Scalpers can also provide a valuable service in that people who didn't get their tickets during the initial rush have the opportunity to buy them all the way up to the moment the event opens (even after the event opens) despite the event being "sold out", all for money, which is always considered something that buys everything (except happiness in great quantities).

Re:One more reason just to kill scalpers. (2, Insightful)

Mr. Freeman (933986) | more than 4 years ago | (#33542814)

Yes, one of these products is necessary and the other is not. However, you haven't demonstrated how the ECONOMICS of the situation are different in any way whatsoever. Your argument is a red herring.

The argument is that scalpers monopolize the ticket supply, which is like oil sheiks selling the oil at inflated prices. Your response is that because one product is necessary and the other isn't the entire comparison is absolutely insane.

So, I'll start the argument again. I assert that ticket scalpers monopolize (a significant portion of) the ticket supply. This is unfair to consumers who are now forced to pay inflated prices for tickets that the manufacturer (performer, artist, musician, whatever) originally sold. Now, because musicians/artists/etc. provide services that are largely advertised through word of mouth (i.e. your friend tells you about this great new album) I also assert that keeping ticket prices at the original level determined by the artist is vital for the success of the artist. Selling out a concert generates revenue from ticket sales and through future word of mouth advertising. Scalpers raise the price of the tickets and thus reduce the number of people willing to buy the tickets. This harms the future revenue potential of the artist. Thus, scalpers are unfair to consumers and harmful to content producers.

Please, when responding to my argument don't go off on some stupid ass tangent about necessary products.

Re:One more reason just to kill scalpers. (1)

sjames (1099) | more than 4 years ago | (#33542466)

Actually, there are limits. The scalpers often go to extremes in order to snap up huge quantities of tickets in lots of 10.

Re:One more reason just to kill scalpers. (1)

Hognoxious (631665) | more than 4 years ago | (#33542634)

I'm sure that if you know someone in the inside those limits can be bypassed.

Re:One more reason just to kill scalpers. (1)

sjames (1099) | more than 4 years ago | (#33542672)

Probably, but mostly they just initiate many many sessions and buy 10 tickets each. They do it a bit like the high frequency traders do on Wall street.

Re:One more reason just to kill scalpers. (1)

eyrieowl (881195) | more than 4 years ago | (#33542620)

Perhaps the ticket sellers could do more...although I'd imagine the only thing that would be likely to work is to require that all tickets have a name associated with them at time of sale, and that only the named party is able to use them. Barring that...it's a distributed attack. The scalpers can get thousands of people to buy tickets on their behalf for a small payout, and then they can take ownership of those tickets and resell them at a high premium. How are the ticket sellers suppose to know that Bob is buying on behalf of a scalper and has no interest in going to see the show? Short of the preventative measure I mention, I don't know how they can.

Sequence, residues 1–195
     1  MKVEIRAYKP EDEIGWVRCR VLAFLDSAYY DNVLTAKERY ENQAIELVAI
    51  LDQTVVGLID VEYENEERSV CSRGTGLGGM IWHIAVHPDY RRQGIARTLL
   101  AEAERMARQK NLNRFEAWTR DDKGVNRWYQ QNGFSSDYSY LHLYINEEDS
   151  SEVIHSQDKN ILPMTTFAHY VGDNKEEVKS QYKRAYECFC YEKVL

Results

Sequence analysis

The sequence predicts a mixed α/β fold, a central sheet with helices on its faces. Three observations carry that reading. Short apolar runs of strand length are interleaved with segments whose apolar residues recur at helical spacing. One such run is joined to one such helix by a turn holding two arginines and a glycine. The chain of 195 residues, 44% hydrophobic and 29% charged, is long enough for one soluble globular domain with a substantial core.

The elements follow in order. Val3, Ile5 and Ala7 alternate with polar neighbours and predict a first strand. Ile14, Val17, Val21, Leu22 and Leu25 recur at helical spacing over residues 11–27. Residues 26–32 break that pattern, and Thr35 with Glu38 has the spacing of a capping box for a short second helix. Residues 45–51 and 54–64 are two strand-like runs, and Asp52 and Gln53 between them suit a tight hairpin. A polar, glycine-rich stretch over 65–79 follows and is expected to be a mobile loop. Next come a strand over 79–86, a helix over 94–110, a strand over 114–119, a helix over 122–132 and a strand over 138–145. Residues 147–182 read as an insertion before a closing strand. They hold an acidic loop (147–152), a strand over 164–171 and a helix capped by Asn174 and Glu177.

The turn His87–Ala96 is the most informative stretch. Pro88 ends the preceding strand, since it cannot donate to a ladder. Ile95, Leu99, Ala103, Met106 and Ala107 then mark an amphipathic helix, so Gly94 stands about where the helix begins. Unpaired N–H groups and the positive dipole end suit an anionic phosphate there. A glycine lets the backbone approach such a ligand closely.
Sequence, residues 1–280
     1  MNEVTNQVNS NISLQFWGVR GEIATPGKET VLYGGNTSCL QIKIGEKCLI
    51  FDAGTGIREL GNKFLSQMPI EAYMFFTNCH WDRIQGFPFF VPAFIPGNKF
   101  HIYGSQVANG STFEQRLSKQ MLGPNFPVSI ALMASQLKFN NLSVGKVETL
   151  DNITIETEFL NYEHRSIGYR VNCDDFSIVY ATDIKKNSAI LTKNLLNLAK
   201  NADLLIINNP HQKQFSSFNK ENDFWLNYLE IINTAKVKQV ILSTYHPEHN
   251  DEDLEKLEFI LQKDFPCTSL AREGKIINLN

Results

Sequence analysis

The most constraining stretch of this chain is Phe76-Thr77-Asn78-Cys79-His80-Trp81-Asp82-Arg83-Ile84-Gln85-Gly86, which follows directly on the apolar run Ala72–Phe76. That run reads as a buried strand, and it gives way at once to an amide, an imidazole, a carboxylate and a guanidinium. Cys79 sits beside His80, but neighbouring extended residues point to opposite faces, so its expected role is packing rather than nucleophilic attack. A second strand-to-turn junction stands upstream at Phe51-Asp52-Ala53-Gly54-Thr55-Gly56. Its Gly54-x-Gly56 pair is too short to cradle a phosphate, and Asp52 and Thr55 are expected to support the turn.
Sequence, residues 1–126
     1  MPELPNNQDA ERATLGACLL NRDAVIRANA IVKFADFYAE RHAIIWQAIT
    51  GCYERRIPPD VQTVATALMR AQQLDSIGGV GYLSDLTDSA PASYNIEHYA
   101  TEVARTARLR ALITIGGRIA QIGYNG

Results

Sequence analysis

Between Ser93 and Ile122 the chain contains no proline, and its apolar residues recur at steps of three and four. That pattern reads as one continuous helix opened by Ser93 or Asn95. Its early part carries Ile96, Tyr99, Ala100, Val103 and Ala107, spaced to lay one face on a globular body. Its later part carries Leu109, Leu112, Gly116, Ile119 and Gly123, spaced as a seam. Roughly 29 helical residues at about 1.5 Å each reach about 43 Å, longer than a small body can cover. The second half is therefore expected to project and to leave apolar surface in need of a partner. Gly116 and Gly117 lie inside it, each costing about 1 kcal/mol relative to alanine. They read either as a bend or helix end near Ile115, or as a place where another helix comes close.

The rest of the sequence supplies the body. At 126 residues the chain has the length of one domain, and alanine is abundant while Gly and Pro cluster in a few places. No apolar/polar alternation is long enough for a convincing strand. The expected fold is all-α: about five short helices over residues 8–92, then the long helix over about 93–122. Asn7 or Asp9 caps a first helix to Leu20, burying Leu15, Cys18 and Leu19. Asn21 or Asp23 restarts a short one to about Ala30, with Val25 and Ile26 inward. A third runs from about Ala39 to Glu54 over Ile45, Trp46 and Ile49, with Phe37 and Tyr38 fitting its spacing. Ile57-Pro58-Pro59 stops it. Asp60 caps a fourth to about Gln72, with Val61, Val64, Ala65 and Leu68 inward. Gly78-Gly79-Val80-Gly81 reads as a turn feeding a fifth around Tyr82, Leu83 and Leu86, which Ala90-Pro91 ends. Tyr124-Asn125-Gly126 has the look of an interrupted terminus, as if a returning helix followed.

Re:One more reason just to kill scalpers. (3, Insightful)

lul_wat (1623489) | more than 4 years ago | (#33542318)

Just because you can be a cunt, doesn't meant you have to be.

Re:One more reason just to kill scalpers. (1)

eyrieowl (881195) | more than 4 years ago | (#33542608)

Well, you can certainly choose to feel otherwise, but if the provider of the entertainment I want to attend wants to sell the tickets to their event at a price which I am able to pay, and some douche does an end run around the provider's restrictions to monopolize the supply and then sells those same tickets for a price I'm not able to justify paying...I get a little ticked by that. If a band/team/whatever else wants to give their fans an equal shot at being able to attend their event, they should be able to do so. They want to be choosy about who they sell to and sell below market price? They should be able to do so. Ticket scalpers take that ability away from them. And piss off lots of other people. Like me.

Re:One more reason just to kill scalpers. (0)

Anonymous Coward | more than 4 years ago | (#33544092)

Why should I be outraged that Bob's Arena is selling Justin Bieber tickets for $40 but people are willing to pay $80 for them?

Because without scalpers buying thousands of tickets at a shot, causing the venue to sell out and creating a market-cornering monopoly effect, the price of a ticket isn't inflated. People pay the increased price not because it's "what the market will bear," but because the market isn't a free one any more.

Re:One more reason just to kill scalpers. (0)

Anonymous Coward | more than 4 years ago | (#33542146)

considering i just paid a hundred bucks for a framed last peanuts comic i think i have to say. people will pay money for anything.

Re:One more reason just to kill scalpers. (1)

ooshna (1654125) | more than 4 years ago | (#33543858)

considering i just paid a hundred bucks for a framed last peanuts comic i think i have to say. stupid people will pay money for anything.

Fixed that for you.

Re:One more reason just to kill scalpers. (1, Interesting)

phantomfive (622387) | more than 4 years ago | (#33542438)